They do quite well with the former, including a blinding sandstorm that rolls in across the plains like a black thunder cloud, a pack of vicious desert dogs that attack at night and the relentless punishment of the sun slowly frying Mike to a crisp. Distinctions between reality and hallucination are blurred throughout, notably in a series of teasing encounters with a Bedouin (Clint Dyer), who speaks improbably decent English, encouraging Mike to take the next step and embrace his freedom. But as shard-like elements from his life back home puncture Mike's psyche, the story becomes more prosaically familiar.
His girlfriend, Jenny (Annabelle Wallis), an all-American blonde seen previously in silent visual flashes, is first heard in a video message she secretly recorded on Mike's phone to serve as a protective talisman. That corny dialogue also lobs in heavy hints about his troubled past, suggesting there are reasons he's waited so long to ask her to marry him. (His immobile position down on one knee for a stretch of time in the desert is clearly meant to evoke a suspended proposal.) Increasingly vivid fragments from his childhood and the history of violence in his family reveal a tortured legacy, with his helplessness to protect his battered mother (Juliet Aubrey) perhaps having driven him to court danger in the armed forces.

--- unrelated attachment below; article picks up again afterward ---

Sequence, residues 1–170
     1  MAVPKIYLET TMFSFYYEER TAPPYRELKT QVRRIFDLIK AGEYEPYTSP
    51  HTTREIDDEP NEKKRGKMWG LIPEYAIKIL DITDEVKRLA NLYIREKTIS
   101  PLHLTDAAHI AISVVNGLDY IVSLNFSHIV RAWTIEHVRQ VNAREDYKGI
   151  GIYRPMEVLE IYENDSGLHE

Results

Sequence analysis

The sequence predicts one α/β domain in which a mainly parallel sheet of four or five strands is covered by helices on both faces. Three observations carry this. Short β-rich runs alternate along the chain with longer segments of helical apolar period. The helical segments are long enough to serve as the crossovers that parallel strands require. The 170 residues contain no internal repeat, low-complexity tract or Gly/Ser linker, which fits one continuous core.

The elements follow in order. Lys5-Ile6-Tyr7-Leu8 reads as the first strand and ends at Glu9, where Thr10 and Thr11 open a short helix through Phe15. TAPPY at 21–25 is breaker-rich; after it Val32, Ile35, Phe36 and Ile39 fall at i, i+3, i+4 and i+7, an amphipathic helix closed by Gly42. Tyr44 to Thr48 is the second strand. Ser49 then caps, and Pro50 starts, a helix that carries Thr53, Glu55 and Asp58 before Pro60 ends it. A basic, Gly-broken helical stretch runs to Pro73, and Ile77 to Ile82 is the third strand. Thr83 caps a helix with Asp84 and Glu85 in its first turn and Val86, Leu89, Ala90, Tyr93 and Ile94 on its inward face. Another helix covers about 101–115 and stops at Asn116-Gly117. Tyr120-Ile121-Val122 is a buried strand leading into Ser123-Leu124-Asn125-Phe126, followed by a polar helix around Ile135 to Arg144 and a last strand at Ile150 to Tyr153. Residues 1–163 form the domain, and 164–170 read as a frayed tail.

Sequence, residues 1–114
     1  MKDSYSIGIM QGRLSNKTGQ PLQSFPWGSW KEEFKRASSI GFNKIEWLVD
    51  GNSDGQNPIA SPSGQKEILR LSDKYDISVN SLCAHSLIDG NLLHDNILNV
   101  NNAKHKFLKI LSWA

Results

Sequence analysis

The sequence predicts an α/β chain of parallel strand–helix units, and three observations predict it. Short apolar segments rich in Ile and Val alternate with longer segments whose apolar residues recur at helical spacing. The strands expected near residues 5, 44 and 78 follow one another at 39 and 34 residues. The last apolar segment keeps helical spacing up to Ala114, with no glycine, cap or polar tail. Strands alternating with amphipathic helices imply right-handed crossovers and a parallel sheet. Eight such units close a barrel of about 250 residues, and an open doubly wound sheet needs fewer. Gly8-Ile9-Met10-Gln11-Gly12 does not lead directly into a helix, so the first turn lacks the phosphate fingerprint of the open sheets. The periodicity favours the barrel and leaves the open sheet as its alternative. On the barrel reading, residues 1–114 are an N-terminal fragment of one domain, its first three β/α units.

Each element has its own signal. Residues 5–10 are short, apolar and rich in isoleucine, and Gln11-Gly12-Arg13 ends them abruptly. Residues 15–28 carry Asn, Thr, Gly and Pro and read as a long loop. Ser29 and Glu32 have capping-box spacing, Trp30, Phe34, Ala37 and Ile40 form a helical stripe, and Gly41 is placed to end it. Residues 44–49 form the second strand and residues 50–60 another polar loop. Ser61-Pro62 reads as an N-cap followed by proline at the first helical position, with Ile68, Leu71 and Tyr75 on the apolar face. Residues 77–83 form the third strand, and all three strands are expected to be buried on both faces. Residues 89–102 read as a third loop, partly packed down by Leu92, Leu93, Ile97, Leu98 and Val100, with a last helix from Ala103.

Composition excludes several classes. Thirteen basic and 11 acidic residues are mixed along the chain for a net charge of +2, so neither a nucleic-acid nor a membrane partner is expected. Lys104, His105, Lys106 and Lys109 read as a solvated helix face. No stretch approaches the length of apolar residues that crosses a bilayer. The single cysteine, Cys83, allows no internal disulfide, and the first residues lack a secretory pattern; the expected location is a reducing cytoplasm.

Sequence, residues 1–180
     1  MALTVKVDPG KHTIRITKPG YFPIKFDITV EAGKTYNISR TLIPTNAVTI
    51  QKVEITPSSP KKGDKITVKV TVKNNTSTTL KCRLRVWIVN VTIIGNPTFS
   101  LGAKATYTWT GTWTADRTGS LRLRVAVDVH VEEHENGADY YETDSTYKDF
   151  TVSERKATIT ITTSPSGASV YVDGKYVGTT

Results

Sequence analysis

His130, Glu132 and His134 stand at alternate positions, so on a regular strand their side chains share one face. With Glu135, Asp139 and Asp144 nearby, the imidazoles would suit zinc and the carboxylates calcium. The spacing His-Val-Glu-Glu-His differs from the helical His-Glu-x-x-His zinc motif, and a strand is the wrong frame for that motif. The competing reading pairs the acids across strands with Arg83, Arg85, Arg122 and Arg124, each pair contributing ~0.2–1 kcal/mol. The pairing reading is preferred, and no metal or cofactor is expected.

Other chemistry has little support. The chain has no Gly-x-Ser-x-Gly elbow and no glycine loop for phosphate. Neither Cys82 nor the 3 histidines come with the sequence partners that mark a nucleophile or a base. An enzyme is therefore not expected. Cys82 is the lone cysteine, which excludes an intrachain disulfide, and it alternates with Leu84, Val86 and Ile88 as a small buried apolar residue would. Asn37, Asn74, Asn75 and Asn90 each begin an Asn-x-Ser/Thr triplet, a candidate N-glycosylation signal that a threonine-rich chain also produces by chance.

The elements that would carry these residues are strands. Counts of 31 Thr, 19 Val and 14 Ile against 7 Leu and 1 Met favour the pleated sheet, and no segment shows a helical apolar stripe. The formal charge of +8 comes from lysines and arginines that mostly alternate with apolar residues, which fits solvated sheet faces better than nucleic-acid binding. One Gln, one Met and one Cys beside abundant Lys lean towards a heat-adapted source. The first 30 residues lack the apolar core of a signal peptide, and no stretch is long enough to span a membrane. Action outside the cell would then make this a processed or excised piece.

Hammer brings conviction and a compelling progression of resilience, despair, corrosive disorientation and brink-of-madness surrender to the role. But the shortage of narrative texture and nagging sense of cliche in Mike's turbulent past contributes to the tension gradually draining from the film. Having toy soldiers keep popping up in unexpected places also seems a touch obvious as a symbol of the vulnerability of men at war. And while the horror of land mines remaining active for years after wartime is conveyed in the Bedouin's tragic tale, Mine can't equal the political power of Danis Tanovic's 2002 foreign-language Oscar winner No Man's Land, which included a similar scenario of an immobilized soldier trapped on a mine.
Still, as a primarily solo performance stunt, the film is impressive on a technical level, even if it runs low on juice as a survival drama. Aside from Hammer, superb in this year's Sundance highlight Call Me by Your Name, the best work in the cast comes from Welsh actor Cullen (Weekend, Downton Abbey), injecting charm into the standard sidekick role of the reckless joker. The slick execution should make this a viable calling card for FabioX2, even if they might want to consider enlisting support on the screenwriting front next time.
Distributor: Well Go USA Entertainment
Cast: Armie Hammer, Annabelle Wallis, Tom Cullen, Clint Dyer, Juliet Aubrey, Geoff Bell, Ines Pilar Mille
Production companies: The Safran Company, Mine Canarias, Sun Films, Mine Films, Roxbury, Mercurio Domina
Directors-screenwriters: Fabio Resinaro, Fabio Guaglione
Producer: Peter Safran
Executive producers: Armie Hammer, Miguel A. Faura, Natalia Safran, Fabio Guaglione, Fabio Resinaro
Director of photography: Sergi Vilanova Claudin
Production designer: Mani Martinez
Costume designer: Coro Mateo
Music: Andrea Bonini
Editors: Matteo Santi, Fabio Guaglione, Filippo Mauro Boni
Casting: Rose Wicksteed
No rating; 107 minutes.